I’ve been reading an article in the recent Poets & Writers about seeing, and realizing – not for the first time – that I rarely see what I’m looking at. Autopilot is my default and I’ve been relying heavily on that particular setting for the past, oh I don’t know, ten years. And while that autopilot has gotten me through rough days after rough nights of hovering over sick children, worrying about futuremoneyjobdeadlinesenvironment, or staying up too late to watch movies everyone else in the world has already seen, I think it may be time to wake up more often.
I wrote about this same stuff for my own graduate lecture which I delivered, hmm, ten years ago. There’s that belief that we are on this earth to learn a specific lesson – maybe this one is my own assignment?
It’s not only tiredness that makes me revert to short-cut observation. It’s busyness. Boredom. Suspicion of imminent failure. It’s easier, isn’t it, to accept defeat when you never really tried in the first place.
Ugh. Don’t make me write about this. I’m hungry, and pretty soon a woman whose husband died not long ago will be here for tea.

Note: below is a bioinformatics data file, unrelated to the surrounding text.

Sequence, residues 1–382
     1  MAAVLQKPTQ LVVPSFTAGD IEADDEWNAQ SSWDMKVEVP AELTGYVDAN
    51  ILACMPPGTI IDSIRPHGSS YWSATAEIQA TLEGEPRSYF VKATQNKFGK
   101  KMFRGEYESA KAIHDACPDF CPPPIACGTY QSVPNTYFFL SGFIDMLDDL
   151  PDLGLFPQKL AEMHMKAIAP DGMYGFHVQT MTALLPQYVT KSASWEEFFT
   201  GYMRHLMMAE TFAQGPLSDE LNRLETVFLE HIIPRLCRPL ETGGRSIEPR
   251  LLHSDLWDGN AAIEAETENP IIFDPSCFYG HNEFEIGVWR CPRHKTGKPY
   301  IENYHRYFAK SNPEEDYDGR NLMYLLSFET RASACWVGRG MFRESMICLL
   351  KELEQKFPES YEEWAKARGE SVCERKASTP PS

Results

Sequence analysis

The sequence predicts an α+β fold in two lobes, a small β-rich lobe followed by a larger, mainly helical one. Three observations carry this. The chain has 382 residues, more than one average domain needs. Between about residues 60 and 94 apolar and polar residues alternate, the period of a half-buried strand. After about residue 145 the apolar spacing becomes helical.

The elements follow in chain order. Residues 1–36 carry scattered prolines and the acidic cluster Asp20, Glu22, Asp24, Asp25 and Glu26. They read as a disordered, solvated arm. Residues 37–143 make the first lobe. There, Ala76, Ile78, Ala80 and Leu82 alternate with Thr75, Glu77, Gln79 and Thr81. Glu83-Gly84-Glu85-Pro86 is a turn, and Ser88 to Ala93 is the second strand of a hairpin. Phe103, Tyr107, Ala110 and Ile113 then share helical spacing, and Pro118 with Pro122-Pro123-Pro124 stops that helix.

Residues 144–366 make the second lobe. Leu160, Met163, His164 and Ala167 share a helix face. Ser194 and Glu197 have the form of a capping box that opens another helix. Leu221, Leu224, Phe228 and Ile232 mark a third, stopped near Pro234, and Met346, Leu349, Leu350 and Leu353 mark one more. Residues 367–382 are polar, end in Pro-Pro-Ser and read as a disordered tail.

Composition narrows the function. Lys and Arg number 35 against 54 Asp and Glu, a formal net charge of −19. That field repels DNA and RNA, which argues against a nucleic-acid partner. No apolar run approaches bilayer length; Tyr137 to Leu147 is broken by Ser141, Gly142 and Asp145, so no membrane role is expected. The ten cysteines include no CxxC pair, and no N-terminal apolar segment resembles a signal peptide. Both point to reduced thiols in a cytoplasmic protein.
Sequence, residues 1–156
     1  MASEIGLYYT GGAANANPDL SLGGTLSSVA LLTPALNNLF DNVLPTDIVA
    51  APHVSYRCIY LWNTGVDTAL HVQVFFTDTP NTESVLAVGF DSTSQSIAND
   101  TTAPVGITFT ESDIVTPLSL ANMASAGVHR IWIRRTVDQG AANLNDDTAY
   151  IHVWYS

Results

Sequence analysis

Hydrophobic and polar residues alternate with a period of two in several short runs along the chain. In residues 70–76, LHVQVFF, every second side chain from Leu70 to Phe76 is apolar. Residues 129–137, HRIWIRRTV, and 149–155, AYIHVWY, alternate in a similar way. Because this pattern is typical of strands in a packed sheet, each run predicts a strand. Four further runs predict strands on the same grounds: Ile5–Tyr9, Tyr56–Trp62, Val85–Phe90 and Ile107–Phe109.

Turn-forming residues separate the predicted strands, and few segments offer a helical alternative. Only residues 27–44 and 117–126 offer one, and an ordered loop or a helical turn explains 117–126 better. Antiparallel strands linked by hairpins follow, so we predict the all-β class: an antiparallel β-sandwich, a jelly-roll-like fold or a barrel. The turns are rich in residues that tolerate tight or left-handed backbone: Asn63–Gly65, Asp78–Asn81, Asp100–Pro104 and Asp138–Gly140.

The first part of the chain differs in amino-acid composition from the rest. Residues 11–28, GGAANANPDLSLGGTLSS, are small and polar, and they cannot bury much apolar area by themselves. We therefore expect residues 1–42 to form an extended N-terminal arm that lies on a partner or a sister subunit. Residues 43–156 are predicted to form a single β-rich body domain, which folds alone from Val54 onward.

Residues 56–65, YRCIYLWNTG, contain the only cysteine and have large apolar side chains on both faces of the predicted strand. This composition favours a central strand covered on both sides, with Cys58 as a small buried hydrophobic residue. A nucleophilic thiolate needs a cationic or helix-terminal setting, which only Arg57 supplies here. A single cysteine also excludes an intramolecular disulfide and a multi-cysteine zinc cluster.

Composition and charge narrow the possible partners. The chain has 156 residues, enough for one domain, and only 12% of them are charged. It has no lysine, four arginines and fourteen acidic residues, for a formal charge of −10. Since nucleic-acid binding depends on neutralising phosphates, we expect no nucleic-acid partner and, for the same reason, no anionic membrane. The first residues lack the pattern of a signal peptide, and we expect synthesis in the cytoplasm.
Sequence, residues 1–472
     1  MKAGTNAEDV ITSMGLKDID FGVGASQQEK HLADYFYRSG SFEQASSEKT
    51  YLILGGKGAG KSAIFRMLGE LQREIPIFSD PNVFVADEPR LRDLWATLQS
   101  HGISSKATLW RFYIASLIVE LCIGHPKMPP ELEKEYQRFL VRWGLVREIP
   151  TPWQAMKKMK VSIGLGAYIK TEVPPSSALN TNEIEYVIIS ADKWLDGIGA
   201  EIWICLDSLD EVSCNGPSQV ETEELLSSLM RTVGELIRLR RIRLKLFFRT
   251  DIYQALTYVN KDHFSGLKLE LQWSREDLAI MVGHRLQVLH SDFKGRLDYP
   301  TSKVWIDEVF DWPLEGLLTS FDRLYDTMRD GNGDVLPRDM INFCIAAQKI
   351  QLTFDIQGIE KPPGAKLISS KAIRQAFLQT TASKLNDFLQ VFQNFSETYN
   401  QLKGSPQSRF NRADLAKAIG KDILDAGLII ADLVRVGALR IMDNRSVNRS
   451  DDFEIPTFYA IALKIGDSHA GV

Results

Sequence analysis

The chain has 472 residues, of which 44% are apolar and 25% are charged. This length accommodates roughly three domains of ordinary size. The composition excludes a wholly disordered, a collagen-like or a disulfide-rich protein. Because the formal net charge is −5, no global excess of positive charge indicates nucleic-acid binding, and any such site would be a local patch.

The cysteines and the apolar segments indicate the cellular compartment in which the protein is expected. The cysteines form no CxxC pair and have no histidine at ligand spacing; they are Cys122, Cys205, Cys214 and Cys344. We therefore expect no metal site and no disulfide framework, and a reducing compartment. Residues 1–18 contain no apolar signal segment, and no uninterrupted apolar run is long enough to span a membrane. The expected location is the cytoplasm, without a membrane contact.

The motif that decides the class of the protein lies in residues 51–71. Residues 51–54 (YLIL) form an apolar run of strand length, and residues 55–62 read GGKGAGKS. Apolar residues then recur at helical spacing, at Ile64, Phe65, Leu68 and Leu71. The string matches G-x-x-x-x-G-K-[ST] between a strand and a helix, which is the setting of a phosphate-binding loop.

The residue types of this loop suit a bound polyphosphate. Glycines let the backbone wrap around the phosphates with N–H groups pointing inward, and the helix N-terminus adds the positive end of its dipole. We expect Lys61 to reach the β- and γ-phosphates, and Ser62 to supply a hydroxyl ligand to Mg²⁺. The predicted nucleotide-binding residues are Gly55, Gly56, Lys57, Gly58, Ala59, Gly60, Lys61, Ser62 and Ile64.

I used to lie on my back in the huge front yard of the old house and look up. For a long time. I’d notice things, you know, floating by me. And then I’d flip over and look into the grass. Again, for a long time. And I didn’t do it for the sake of a blog post. I did it because I was eleven and that’s what you do when you’re eleven.
Same thing with the ocean. I could float in the ocean until I puckered and never grow tired of the tiny lives swimming by my chin.
Not that I want to be eleven again (I appreciate too much the freedom to eat ice cream for dinner), but I’d like some of that wish to watch small things scuttle across the floor of the world.
Resolution: see. Everything. Or at least much as I can fit in my eyes.
“Seeing is not naming the thing that one sees.” ~Robert Irwin